The rules for the placement of prepositions in English are different from romance languages.



Hee hee, come to think of it, my favorite English teacher in high school (who was probably 70 or so years old then) has been dead for at least 20 years - along with some of those rules she so diligently taught!


I'm not native Portuguese but I am pretty sure of this: 'Onde' = where. 'Aonde', [= A Onde = to where] = 'where (...) to'. 'Aonde' is used when something/someone is going somewhere. Like "where(to) are you going?" (answer: "TO Portugal" ). But if you canNOT use 'to' ('a', 'ao', 'à'), in either the question or the answer, then you probably should use 'onde'. Like "Where is Portugal?" "IN Southern Europe".

Correct me if I'm wrong


General office is given in the suggested vocabulary


So was "department", but it turned out to be wrong.


You hear Secretariat of the United Nations fairly often on the news


The way the speaker pronounces "secretaria", it seems as though there should be a right-justified accent on the last "i".


Default stress in Portuguese is on the second to last syllable. So no accent is needed here. If the stress needs to be anywhere else, it is indicated by an accent.


That's right, in most cases stress falls on the second-to-last syllable, except for words ending in -i, -im, -is, -u, -um, -us or in a consonant (other than -s, -m) where stress falls on the last syllable.

Stress on the last syllable, but without explicit accent:

  • assim (ends in -im)
  • ali (ends in -i)
  • xampu (ends in -u)
  • algum (ends in -um)
  • abril (ends in a consonant)
  • jantar (ends in a consonant)
  • juiz (ends in a consonant, in contrast to juíza)

Stress should normally be on the last syllable, but is marked by an accent as it is actually not on the last syllable:

  • grátis (ends in -is)
  • chapéu (ends in -u)
  • dólar (ends in a consonant)
  • açúcar (ends in a consonant)
  • nível (ends in a consonant)
  • útil (ends in a consonant)
  • álcool (ends in a consonant)
  • ônibus (ends in a consonant)

Stress should normally be on the second-to-last syllable, but is marked by an accent as it is actually not on the second to last syllable:

  • porém (ends in a consonant, but it is -m and not -im, -um)
  • através (ends in a consonant, but it is -s and not -is, -us)


Someone shared with me a VERY simple tool to remember most of the exceptions to the 'emphasis on the 2nd to last syllable: LUZIR (pronounced like "Loo-zer" in English - any word that ends with those 5 letters gets the accent. I can't tell you all the exceptions. But by the time you have immersed yourself in listening to and speaking whatever you learn, you'll figure them out!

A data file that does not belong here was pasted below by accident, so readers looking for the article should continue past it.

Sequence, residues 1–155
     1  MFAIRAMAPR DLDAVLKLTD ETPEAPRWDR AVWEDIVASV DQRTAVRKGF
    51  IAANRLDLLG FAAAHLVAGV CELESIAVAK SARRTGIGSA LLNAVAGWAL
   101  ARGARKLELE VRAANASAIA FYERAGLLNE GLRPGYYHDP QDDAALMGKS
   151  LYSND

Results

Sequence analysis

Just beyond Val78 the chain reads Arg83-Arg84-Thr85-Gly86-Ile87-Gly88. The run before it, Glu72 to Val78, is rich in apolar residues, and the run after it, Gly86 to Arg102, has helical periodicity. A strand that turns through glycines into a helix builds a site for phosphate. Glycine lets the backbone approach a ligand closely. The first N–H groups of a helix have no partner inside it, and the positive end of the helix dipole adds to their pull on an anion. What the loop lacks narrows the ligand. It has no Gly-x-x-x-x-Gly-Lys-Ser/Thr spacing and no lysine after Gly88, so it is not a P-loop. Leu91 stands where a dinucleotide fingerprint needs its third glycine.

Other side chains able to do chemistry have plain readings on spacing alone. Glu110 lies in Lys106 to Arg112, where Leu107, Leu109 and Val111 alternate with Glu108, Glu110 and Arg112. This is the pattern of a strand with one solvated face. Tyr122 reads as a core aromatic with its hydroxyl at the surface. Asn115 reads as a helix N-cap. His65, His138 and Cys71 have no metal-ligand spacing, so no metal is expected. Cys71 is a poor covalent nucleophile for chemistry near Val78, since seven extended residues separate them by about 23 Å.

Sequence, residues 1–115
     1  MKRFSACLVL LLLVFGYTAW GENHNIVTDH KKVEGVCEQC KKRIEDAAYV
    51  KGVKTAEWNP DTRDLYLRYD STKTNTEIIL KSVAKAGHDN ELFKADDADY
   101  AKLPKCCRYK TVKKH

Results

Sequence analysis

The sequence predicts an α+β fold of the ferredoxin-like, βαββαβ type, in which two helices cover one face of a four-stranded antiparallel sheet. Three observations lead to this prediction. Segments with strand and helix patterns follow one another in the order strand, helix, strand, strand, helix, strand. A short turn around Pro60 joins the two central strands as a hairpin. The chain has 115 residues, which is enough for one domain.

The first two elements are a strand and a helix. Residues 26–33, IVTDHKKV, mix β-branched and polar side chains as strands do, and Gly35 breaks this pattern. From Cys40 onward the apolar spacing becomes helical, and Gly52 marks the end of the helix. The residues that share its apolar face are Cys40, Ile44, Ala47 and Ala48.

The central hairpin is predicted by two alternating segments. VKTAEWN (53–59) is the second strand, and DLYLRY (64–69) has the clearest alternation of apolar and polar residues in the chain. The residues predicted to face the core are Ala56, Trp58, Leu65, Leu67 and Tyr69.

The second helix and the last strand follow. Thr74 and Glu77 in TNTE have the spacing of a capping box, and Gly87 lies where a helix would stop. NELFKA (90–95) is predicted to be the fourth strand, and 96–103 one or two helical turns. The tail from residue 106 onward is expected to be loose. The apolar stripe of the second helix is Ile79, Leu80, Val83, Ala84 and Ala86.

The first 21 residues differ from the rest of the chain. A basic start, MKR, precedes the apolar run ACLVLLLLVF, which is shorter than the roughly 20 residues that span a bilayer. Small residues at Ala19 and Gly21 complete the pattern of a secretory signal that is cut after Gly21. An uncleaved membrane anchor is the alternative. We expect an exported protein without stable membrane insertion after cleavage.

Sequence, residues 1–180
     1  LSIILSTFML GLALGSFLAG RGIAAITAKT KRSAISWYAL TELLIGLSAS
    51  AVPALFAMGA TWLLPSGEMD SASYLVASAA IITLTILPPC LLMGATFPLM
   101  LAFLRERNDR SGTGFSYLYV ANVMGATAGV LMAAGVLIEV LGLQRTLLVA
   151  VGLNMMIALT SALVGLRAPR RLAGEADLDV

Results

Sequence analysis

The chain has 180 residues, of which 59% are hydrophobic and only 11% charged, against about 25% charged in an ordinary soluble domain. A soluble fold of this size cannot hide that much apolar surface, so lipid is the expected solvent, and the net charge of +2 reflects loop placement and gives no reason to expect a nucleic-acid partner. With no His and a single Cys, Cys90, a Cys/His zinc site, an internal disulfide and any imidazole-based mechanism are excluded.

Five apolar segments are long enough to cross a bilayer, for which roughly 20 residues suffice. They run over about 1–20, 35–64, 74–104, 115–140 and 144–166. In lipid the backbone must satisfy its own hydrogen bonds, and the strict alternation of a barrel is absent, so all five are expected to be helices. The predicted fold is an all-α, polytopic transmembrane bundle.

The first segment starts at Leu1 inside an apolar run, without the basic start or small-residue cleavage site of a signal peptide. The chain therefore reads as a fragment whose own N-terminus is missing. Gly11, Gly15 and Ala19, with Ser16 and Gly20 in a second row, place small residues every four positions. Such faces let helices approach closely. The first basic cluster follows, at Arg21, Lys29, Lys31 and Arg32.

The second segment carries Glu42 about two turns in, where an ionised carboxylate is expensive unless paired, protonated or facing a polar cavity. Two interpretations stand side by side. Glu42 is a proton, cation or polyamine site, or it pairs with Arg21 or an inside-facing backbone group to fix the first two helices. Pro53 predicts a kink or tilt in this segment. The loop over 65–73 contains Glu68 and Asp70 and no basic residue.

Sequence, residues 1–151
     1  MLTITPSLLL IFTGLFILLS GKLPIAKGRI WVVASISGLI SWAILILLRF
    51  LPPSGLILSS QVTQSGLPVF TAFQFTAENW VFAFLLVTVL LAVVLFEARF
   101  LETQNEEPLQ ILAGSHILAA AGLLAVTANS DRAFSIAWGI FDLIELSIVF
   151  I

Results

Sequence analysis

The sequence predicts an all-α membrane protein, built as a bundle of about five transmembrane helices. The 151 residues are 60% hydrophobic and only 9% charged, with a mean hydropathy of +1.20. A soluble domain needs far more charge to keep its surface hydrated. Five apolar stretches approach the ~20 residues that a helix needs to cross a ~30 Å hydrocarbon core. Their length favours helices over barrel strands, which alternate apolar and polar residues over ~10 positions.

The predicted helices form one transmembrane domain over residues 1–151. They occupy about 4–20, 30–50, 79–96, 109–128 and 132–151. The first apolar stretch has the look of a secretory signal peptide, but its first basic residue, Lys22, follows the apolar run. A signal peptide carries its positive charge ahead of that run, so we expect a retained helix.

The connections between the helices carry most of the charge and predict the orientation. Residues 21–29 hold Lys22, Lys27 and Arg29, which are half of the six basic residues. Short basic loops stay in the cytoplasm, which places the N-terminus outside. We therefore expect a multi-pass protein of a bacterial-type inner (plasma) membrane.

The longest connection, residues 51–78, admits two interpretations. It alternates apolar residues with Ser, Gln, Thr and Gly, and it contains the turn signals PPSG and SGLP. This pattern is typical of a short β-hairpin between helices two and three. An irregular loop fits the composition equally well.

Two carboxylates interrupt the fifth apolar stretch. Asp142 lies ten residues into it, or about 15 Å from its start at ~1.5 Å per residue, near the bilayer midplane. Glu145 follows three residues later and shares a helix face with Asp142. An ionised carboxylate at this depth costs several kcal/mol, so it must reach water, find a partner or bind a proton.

Yes, LUZIR is a good mnemonic (another version of it is "RULIZ"), but it misses two important cases:

  • addition of a final -m or -s after -i or -u (words ending in -im, -is, -um, -us)
  • any other consonant (mostly in foreign words)

Those two cases cover about 10% of Portuguese words, mostly with the -is ending.


Yes, that is how it is supposed to sound. I don't know why it is not written that way in Portuguese, though. =]

Secretária/Secretário (secretary) makes it clear at least.


Why did they propose "administrative office" if it's wrong. As a French speaker it would have more sense...


I also got marked wrong for this when it was a suggested answer


I never had to use the word secretariat before..


I believe that was the winning horse at the Kentucky Derby one year- Secretariat.


hahah yes.. i have used this word only in this way.. and not in any other :)


Secretaria must have originated from "office where the secretaries are." In practice it is more like a reception/admissions office or even secretary's office.


Wikidictionary defines secretariat as "a permanent administrative office or department, esp. a governmental one." Does that fit the use of 'secretaria' in portuguese?

Wiki defines 'office' as "a room, set of rooms, or building used as a place for commercial, professional, or bureaucratic work." I believe this is most likely what is translated as "escritório". There is a 2nd definition of office - "a position of authority, trust, or service, typically one of a public nature: the office of attorney general" - which I'm sure would be a different word in portugese which I have not yet learned.


Thank you Lexflex

[deactivated user]

    I think it's a strange question because Duolingo suggests two possible answers: Where is the office? or Where is the administrative office? I chose the second one, but...it's wrong!! What a shame!! I am not a native speaker but I guess all language have a logical structure... "Secretária" in Portuguese means a administrative department in schools, universities etc, The notion of "office" is a "escritório" in the company, firms etc. Maybe the logical tradution would be "Where is the secretary"?? Duolingo answers another possible tradution: Where is the general office? It's a mess of possible meanings.